Prep Baseball Report

Separating From the Pack

Brandon Hall
North Carolina Director of Scouting

One of the best weeks of the year, for myself, is the week of the Super 60 in Chicago, IL.  That week, PBR Directors from across the country converge on Chicago.  During the week we all sit in meetings, learning about our business practices and meeting with corporate sponsors.  But the big thrill during the week is meeting with the other directors as we talk about baseball players, development, and evaluations.  The hours pass quickly, which can lead the alarm clock going off well before we are ready.  But with the knowledge that is being shared, it is difficult to go to bed early.

As we were discussing scouting, grading players, and evaluations, some of us began to talk about the rankings process and how we work through the massive number of players that we see on a yearly basis.  Within the rankings, many directors work to put player grades on prospects we have seen.  Whether the directors are using a 20-80 scale, a 1-10 scale, or just a plus/minus system there are log jams in certain areas of the list.  As we discussed our ability to sort 20 players that may have the same grade, the realization hit us that recruiting coordinators are doing the same thing in their offices yearly.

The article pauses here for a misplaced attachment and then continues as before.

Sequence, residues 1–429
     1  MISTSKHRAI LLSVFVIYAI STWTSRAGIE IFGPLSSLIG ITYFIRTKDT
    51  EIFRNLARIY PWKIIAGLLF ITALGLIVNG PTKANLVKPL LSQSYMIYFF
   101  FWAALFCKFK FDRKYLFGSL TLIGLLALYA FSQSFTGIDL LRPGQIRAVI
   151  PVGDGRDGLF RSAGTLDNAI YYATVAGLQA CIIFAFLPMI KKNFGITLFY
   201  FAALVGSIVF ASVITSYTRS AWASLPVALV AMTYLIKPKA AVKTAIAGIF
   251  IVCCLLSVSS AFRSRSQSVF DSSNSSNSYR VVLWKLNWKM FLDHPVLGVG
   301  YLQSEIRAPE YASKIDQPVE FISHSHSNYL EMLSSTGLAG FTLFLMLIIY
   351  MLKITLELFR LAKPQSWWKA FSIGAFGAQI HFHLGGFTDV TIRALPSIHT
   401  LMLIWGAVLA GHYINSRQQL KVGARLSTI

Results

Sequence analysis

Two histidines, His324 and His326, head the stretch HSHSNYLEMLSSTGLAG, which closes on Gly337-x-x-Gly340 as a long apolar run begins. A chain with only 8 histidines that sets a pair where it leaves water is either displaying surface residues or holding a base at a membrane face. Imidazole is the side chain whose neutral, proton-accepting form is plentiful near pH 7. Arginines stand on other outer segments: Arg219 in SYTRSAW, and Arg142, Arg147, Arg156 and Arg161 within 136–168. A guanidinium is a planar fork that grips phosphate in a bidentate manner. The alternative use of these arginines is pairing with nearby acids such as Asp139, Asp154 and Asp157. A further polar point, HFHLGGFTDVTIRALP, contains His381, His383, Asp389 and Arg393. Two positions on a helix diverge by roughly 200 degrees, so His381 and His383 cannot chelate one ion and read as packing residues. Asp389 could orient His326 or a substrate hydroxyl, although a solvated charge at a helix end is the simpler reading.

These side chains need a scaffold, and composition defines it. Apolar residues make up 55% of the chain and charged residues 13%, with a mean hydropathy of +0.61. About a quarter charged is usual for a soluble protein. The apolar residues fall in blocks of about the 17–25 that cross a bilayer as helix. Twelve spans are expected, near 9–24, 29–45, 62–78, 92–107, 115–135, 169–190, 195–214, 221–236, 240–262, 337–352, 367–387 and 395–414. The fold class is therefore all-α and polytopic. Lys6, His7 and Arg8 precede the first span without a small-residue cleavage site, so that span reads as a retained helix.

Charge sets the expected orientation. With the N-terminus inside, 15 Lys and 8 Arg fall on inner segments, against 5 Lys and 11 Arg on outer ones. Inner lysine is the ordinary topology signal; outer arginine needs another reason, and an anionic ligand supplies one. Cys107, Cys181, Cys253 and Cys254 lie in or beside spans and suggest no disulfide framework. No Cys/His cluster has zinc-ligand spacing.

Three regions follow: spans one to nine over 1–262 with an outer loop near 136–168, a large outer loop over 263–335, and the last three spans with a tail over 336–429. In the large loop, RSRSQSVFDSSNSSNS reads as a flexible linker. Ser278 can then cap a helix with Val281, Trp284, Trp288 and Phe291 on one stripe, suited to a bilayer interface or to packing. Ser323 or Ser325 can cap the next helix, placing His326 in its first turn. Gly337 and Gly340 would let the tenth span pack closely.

The big difference would be that a specific school may not have to rate two very different types of players.  It is possible within the player rankings for a state director to deal with two players with an average grade.  The first is a right handed hitting catcher with a pop time of 2.10, showing good accuracy and average carry.  The second, a left handed hitting corner outfielder that has barrel ability but does not drive the baseball.  For PBR directors, this can present an issue as we sort our player rankings.  Each player has an average grade, but we really are comparing apples and oranges at times.  For recruiting coordinators, they may not have this specific issue as they may not recruit a corner outfielder without power, for their system.  However, college coaches do have players with similar grades on their board and they work to sort this list in any way possible.  The question becomes how can a player bump his grade a half of a point, to move ahead of all the average grades.

Separating Values

Many factors can allow a player’s grade to bump up.

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